3 Questions to Ask Before Booking a Hotel When Traveling

How do you book a hotel room? You either go online or use a travel agency. Some of you might even call the hotel directly.

But no matter how you make your reservation, there are three questions you must ask before you accept your room key to ensure you get the most out of your stay. Here are the questions and why you need to ask them.

Question 1: How close is my room to the building?
Most hotels are going through a rebuild or refurbishment cycle. In many cases, hotels close a wing or ground floor. So having that building information is crucial to keeping the room as far away from it as possible.

If you don’t ask this question, you have a good chance of getting the keys to the jackhammer kit. Another question: how close is my room to the ballroom? Why? You don’t want to sleep in a room located anywhere above the ballroom. There’s a good chance you’ll be woken up at 2am when they throw away all the bottles of wine and champagne from the event they held there a few hours ago.

Question 2: Can you give me a room between the second floor and the seventh floor?
High-rise view rooms are overrated. It takes longer to get to them – and longer to get back to the elevators, which may stop at many floors. But there is a more important reason to ask this question.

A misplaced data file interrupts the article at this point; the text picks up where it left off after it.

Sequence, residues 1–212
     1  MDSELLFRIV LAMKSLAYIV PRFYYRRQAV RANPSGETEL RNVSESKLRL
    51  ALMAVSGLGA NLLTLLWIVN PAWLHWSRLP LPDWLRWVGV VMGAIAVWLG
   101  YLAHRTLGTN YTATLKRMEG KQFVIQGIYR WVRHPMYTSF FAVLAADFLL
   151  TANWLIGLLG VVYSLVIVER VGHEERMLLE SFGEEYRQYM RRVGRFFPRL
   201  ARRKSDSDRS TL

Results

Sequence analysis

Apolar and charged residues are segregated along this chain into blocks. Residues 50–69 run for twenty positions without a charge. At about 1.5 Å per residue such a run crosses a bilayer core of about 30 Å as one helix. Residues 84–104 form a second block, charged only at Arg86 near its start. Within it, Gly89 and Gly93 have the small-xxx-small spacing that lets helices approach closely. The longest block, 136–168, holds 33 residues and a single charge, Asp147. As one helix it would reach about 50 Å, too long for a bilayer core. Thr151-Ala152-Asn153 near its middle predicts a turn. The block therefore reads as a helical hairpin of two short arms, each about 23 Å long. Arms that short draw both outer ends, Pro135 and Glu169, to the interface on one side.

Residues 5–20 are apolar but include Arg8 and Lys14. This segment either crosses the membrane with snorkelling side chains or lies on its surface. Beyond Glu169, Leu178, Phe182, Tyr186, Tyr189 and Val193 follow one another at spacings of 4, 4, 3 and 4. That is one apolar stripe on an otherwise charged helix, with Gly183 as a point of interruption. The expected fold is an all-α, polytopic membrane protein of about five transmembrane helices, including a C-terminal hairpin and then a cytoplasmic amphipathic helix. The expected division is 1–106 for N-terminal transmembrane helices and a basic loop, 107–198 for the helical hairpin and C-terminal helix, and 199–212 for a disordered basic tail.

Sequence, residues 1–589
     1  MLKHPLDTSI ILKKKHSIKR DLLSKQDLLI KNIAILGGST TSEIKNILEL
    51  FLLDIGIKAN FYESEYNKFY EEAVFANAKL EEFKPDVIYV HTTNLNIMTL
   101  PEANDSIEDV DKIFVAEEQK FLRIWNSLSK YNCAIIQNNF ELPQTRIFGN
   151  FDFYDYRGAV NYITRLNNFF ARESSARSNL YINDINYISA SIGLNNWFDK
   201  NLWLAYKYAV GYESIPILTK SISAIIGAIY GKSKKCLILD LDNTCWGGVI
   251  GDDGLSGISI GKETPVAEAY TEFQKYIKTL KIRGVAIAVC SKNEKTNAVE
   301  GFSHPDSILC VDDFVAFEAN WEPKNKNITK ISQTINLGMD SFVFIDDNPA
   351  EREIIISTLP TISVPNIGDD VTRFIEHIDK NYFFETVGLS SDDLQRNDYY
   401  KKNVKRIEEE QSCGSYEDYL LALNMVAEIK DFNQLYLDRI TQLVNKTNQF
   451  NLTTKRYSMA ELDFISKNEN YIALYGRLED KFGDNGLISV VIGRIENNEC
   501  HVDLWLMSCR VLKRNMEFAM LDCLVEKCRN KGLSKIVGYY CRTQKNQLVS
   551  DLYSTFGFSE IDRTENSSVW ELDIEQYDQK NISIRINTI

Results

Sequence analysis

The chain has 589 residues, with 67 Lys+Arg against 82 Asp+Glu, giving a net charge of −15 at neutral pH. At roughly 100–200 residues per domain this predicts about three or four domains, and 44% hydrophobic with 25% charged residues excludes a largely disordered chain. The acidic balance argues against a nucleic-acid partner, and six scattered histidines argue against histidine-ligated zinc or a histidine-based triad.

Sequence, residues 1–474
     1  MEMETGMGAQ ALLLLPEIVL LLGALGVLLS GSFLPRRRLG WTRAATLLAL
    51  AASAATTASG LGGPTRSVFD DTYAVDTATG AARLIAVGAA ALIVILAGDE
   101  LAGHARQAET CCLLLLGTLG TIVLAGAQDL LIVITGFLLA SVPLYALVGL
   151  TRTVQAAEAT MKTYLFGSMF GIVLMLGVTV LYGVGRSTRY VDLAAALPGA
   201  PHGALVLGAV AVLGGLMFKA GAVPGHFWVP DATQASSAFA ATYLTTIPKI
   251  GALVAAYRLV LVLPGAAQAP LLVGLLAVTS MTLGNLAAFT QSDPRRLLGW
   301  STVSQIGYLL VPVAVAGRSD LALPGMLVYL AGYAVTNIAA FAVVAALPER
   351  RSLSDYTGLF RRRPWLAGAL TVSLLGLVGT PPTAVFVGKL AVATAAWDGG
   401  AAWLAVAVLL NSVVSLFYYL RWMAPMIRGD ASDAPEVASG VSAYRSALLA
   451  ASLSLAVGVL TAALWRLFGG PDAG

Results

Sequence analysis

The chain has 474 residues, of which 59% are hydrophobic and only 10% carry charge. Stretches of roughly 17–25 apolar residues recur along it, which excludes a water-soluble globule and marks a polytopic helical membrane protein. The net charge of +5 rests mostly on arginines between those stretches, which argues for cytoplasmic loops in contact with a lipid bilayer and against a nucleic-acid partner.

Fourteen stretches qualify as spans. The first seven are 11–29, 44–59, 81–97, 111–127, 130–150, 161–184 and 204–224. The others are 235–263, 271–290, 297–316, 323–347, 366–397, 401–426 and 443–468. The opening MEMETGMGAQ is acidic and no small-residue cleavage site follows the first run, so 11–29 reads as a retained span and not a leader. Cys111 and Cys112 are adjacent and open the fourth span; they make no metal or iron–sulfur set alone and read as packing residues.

First, you don’t want to have a room on the first floor of any hotel for security reasons. Burglars – or worse – too easily gain easy access and exit strategies. But for security reasons, you need a room between the second and seventh floors. No fire department in the world can effectively and quickly extinguish a fire on the eighth floor of any building.

Smoke rises, and most deaths in fires are the result of smoke inhalation. However, if you insist on choosing a room with a great view on the upper floors – in case a fire breaks out and rescuers can’t reach you, you can have one.

Question 3: Can you tell me on which floors the booster pump is located?
When encountering this problem, the front desk staff will almost be puzzled. So help them – get them to call the hotel engineer. Because this important question is about the huge water pressure in the bathroom, everyone should aspire to.

Problem: No hotel in the world can maintain consistent, strong water pressure on every floor. The remedy for many hotels is to install additional booster pumps on different floors. The key is to find a room on the same floor with a booster pump.

If you do, you can open the door to the guest room, walk into the bathroom, turn on the faucet and the water will flow out at the pressure of a small fire hose.